Perpetual Tea brew?

#1

I realized we had a bunch of compost juice in the trap on our composter so I harvested a little and started a brew in a 10 gallon bucket. Added some castings, tiny scoop of recharge, kelp meal, and some molasses.

After 24 hours I was not ready to use it and was suspect that I did not add enough molasses because one, I used a small amount and two I have read that recharge needs a heavy molasses dose to get going. Not to mention I was going to let it go and didn’t want what had been cultured to die. So, at 24 hours I added 2 more tablespoons of molasses. Sure enough after 12-18 hours I saw a lot more foam on the tea.

I used most of the tea, left like 2 liters of tea in the bucket and filled with chlorine free water. I then added 3 Tablesoons of molasses and started the air pumps again.

My theory is that if all the tea brewing is doing is farming micro beasts, why not leave some beasties in the tea, that were already cultured in my climate and that thrive in the medium I provided, and re-brew.

Any comments @Skydiver and @garrigan65? Anything else I should add besides molasses when doing the Re-brew? Possibly Kelp?

Thanks

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#2

Yep feed em carbs and they’ll stay alive for awhile. The smell will tell you how things are. Smell it after a day and each day from there as it changes towards not earthy like stuffs dying. If you go too many days I would think more than molasses needed like some worm poo :poop: or like you mentioned kelp meal etc.

assuming the same recipe and ratios 24 hr leans bacterial dominate and 48 towards fungal dominate I think that’s the right way…lol
I started a tea about 5 days ago and kept adding molasses as plants weren’t ready to take a drink when the tea was “ready” Was only a gallon container brewed and diluted 6:1 and more as I too added more water and it’s still bubbling. If I suspects it’s gone stale I’ll toss it on my compost pile and start another batch if needed. I don’t constantly brew but when I do the hard part is timing things to Aline with the plants getting thirsty.
I’m still figuring this stuff out and need to go back and re read the stuff I posted here and learn more.

I read briefly about the recharge ingredients and remember that it could be made for a lot less $ cause that stuffs expensive. That was my quick general take on it I could be off base on that.

I should have taken samples from the tea each 24 hours and put under microscope to get a better understanding on what’s in there and in what populations. Next time maybe.

Perpetual brew hmm

#3

Found this here… http://www.gardeningwithmicrobes.com/aactarticle.shtml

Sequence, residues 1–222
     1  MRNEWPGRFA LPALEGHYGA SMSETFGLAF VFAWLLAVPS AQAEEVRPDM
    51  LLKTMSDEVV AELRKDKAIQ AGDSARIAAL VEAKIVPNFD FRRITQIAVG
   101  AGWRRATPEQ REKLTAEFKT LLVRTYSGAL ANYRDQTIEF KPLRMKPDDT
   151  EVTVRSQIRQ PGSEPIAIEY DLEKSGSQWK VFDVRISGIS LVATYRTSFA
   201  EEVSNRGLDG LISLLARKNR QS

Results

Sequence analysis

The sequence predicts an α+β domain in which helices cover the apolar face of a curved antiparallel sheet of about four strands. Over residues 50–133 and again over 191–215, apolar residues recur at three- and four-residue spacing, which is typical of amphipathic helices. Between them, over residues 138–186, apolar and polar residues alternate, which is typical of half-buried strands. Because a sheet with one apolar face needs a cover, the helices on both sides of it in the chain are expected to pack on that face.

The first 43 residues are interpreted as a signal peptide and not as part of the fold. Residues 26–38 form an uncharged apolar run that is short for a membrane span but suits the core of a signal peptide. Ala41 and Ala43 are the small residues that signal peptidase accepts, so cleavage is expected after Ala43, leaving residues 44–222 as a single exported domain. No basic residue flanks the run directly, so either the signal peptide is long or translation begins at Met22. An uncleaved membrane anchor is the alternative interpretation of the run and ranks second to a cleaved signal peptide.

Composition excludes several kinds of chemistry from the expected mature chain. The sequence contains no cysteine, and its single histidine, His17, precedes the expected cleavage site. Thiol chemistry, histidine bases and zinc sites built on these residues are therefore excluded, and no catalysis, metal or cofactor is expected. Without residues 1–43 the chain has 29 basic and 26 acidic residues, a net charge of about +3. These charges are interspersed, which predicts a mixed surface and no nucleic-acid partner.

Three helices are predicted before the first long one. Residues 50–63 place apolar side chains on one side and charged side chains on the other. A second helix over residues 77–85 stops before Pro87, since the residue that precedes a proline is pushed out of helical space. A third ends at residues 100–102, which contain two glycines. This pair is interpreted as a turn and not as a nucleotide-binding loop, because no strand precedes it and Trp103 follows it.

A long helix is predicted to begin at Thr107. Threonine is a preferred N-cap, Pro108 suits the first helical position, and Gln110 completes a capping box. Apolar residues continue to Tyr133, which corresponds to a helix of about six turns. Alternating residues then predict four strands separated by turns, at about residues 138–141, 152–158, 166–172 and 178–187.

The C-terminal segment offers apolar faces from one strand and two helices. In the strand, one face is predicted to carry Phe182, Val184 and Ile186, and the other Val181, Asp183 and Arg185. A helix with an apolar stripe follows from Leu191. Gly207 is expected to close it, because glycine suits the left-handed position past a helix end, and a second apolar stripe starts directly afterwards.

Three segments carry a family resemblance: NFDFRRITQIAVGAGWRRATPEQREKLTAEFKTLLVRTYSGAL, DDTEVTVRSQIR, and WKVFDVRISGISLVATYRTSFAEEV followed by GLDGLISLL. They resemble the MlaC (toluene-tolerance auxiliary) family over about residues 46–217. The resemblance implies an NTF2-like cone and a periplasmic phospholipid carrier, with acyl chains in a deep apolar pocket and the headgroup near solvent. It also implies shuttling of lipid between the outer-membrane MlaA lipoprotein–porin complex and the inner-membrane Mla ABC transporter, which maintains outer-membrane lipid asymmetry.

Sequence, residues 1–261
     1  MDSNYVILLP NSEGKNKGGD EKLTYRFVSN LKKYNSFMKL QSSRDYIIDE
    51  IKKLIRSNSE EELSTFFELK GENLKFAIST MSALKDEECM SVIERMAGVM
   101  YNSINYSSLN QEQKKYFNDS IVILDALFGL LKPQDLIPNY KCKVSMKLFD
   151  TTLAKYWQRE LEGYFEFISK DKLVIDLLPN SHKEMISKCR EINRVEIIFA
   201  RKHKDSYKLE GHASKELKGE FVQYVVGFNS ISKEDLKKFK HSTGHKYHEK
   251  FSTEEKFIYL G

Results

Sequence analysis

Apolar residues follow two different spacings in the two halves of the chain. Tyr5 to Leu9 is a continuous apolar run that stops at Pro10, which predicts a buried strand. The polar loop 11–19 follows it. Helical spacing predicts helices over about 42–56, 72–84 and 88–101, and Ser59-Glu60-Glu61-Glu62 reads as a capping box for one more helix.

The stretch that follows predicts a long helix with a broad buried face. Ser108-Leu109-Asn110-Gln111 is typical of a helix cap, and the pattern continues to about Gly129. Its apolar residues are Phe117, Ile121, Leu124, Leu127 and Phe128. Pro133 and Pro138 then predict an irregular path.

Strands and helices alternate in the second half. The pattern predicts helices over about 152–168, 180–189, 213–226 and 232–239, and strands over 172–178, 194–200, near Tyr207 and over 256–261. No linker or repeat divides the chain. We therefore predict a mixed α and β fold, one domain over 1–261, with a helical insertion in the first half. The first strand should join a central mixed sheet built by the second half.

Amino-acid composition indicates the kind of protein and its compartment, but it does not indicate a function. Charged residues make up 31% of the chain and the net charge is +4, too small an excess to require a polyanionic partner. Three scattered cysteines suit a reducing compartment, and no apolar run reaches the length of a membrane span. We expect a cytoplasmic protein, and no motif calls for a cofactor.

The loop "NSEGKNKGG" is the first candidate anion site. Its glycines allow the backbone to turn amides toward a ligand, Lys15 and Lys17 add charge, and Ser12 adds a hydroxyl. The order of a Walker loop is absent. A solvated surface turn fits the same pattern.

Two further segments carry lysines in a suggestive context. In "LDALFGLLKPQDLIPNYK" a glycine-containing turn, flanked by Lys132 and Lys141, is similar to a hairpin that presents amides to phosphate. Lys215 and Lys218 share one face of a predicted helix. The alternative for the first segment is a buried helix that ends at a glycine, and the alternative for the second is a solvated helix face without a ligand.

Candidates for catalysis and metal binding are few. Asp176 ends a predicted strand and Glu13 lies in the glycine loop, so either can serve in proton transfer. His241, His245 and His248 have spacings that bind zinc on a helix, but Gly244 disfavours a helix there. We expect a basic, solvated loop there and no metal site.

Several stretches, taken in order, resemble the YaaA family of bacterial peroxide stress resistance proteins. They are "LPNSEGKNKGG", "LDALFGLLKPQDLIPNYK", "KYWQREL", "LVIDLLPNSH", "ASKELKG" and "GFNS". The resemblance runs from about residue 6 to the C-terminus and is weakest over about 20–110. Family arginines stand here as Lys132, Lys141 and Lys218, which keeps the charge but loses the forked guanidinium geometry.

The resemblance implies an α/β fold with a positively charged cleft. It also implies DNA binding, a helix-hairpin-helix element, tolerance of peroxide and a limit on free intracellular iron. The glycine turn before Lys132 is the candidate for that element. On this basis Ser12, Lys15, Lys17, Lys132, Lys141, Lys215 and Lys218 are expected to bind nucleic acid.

4. Is it possible to brew perpetually? This is one of the most damaging claims I’ve heard from other brewer makers. The short answer is “no” and I’ll explain why. When ACT is brewed for 24-36 hours (approximate times based on multiple variables), you’re creating an unsustainable amount of aerobic microbial activity and diversity. At some point your tea “peaks.” There’s no way to tell for sure without a microscope but hopefully if you bought a brewer the manufacturer can give you guidelines based on your ambient air temp, compost/food inputs, elevation, etc…). Regardless, after this “peak” point the microbes will have eaten most of the food sources you added at the beginning of the brew cycle (molasses, microbe catalyst, kelp meal, alfalfa meal, etc…). When this occurs you will start to see monocultures over time, meaning one morphology (shape) of bacteria will dominate the tea, which will then be consumed by one type of flagellate. Your tea will fluctuate back and forth between bacteria and flagellates. The flagellates will eat all the bacteria until there’s not enough food left and then die off, only for the bacteria to bloom again and repeat the cycle. Think of it as a Darwinian experiment inside your brewer where “survival of the fittest” dominates. Remember that ACT is a “shotgun approach” to increase nutrient cycling. Well over time that diversity completely disappears and you lose much of the benefit of ACT. Of course, the first thought then is “why can’t I just add more compost or food sources to the brew after a certain time period?” This sounds like a great idea but in reality it just doesn’t work. I’ve tried brewing over the period of a week on multiple occasions where I took a brewer to trade shows and pulled samples every 10 minutes throughout the day. I found it very difficult to manage the tea and the quality of the brew would vary wildly from hour to hour. I’m not saying it can’t be done but I found even with intense monitoring with the microscope it was very challenging and I would have been much better off just throwing out the tea and starting over. Of course, these brews were just for demonstration purposes and not for actual plant or soil applications.”

For what it’s worth.

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